We are making moves. It’s been a real challenge for us to line up a domestic situation as well as international deals. I’m heading over to London in a couple of weeks to further those moves. The first set of tapings were great. We got plenty of one hour episodes and we’ve got the crowning of the champions in October. With that and the Grand Slam tour as well, it’s been no rest for the weary, but it’s exciting time in the still the very early days of Global Force Wrestling.
Which market have you had more success in lining up so far: domestic or international?
It’s hard to compare one country versus a hundred, but obviously we’re making progress with both. You have to give the nod to international just because of the sheer amount of potential deals. We’re dealing with people literally all over the world. Australia, India, Middle East, South Africa, all through Europe. It’s exciting just because the name of our company is Global Force Wrestling and our roster is very diverse with luchadores, Japanese wrestlers, and even South Africans with PJ [Black]. It’s very cool to hear the interesting feedback the broadcasters give when they see the materials that we sent them. They instantly comments on just how diverse the roster really is.
For domestically and semi-internationally as well, have you explored the options of streaming services like Netflix, Hulu, and Amazon Prime?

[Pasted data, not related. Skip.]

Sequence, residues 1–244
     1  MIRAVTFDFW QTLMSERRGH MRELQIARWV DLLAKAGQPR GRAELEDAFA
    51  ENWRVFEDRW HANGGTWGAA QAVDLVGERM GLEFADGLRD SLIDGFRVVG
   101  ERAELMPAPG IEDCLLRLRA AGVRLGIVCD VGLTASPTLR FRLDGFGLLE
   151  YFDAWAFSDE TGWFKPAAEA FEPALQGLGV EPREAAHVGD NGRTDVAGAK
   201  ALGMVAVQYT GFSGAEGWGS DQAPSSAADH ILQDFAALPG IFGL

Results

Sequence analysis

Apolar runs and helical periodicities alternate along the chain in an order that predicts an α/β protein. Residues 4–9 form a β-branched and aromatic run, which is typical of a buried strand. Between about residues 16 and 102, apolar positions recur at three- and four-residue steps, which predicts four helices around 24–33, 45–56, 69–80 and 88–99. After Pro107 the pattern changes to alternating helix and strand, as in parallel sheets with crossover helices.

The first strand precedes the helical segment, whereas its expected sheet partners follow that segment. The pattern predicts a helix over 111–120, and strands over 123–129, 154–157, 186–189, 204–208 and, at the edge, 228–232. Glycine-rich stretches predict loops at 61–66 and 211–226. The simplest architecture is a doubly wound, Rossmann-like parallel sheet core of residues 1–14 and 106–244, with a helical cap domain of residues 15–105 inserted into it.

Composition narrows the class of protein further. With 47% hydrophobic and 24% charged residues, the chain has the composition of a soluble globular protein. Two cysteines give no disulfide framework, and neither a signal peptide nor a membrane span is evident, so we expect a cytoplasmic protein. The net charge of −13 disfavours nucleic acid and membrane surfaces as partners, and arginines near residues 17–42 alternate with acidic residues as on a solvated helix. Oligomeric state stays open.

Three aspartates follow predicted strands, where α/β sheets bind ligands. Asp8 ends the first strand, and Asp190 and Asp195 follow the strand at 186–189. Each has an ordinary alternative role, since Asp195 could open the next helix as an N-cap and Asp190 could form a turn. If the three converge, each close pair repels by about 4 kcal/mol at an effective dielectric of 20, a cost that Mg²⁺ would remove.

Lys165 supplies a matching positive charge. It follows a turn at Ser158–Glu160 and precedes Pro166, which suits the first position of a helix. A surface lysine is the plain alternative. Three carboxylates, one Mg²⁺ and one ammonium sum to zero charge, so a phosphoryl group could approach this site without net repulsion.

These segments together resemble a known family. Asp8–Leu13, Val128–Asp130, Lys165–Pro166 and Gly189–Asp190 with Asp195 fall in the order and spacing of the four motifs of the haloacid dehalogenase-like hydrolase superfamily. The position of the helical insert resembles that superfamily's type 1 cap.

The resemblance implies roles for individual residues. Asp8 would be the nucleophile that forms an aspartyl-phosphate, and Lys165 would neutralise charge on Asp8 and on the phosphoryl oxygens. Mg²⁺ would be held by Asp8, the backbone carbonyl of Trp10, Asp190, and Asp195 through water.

All of the above and I don’t want to specifically say Netflix or Hulu. The world of 2015 is so interesting. You wouldn’t be asking that question even, what would you say, two or three years ago?
Not at all.
It’s interesting just how everyone consumes their information. Not just wrestling or television. Your phone is a source of news, entertainment, games, apps. It’s just a different world. I’ve said it for a year now: my goal is if you’re a GFW fan, you’ll have access to watch it all across the globe. There’s a huge component to that. I won’t call it streaming, but there’s a big component in the online world for Global Force.
Realistically, do you think there is a place for Global Force now with WWE, TNA, Ring Of Honor, and Lucha Underground? Even WWE’s developmental is seeing big success the past year.